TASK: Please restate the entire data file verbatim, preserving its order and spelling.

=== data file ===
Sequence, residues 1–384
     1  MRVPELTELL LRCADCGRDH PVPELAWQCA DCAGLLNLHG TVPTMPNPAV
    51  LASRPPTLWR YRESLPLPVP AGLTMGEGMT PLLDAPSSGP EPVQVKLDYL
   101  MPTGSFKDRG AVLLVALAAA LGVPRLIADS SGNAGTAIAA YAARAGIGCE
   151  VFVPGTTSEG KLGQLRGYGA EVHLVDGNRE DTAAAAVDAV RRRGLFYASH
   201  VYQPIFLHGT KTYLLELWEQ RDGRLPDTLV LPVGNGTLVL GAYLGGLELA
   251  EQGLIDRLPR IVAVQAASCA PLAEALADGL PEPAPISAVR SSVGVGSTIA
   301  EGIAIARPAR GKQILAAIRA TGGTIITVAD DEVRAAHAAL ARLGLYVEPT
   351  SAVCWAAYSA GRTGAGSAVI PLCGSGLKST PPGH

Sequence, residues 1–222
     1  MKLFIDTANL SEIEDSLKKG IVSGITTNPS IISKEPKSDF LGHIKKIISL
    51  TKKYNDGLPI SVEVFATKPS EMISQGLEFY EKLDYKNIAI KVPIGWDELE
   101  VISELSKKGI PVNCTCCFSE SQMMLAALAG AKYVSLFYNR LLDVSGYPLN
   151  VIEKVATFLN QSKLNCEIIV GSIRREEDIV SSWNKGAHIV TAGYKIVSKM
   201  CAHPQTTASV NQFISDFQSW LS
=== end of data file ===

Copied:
Sequence, residues 1–384
     1  MRVPELTELL LRCADCGRDH PVPELAWQCA DCAGLLNLHG TVPTMPNPAV
    51  LASRPPTLWR YRESLPLPVP AGLTMGEGMT PLLDAPSSGP EPVQVKLDYL
   101  MPTGSFKDRG AVLLVALAAA LGVPRLIADS SGNAGTAIAA YAARAGIGCE
   151  VFVPGTTSEG KLGQLRGYGA EVHLVDGNRE DTAAAAVDAV RRRGLFYASH
   201  VYQPIFLHGT KTYLLELWEQ RDGRLPDTLV LPVGNGTLVL GAYLGGLELA
   251  EQGLIDRLPR IVAVQAASCA PLAEALADGL PEPAPISAVR SSVGVGSTIA
   301  EGIAIARPAR GKQILAAIRA TGGTIITVAD DEVRAAHAAL ARLGLYVEPT
   351  SAVCWAAYSA GRTGAGSAVI PLCGSGLKST PPGH

Sequence, residues 1–222
     1  MKLFIDTANL SEIEDSLKKG IVSGITTNPS IISKEPKSDF LGHIKKIISL
    51  TKKYNDGLPI SVEVFATKPS EMISQGLEFY EKLDYKNIAI KVPIGWDELE
   101  VISELSKKGI PVNCTCCFSE SQMMLAALAG AKYVSLFYNR LLDVSGYPLN
   151  VIEKVATFLN QSKLNCEIIV GSIRREEDIV SSWNKGAHIV TAGYKIVSKM
   201  CAHPQTTASV NQFISDFQSW LS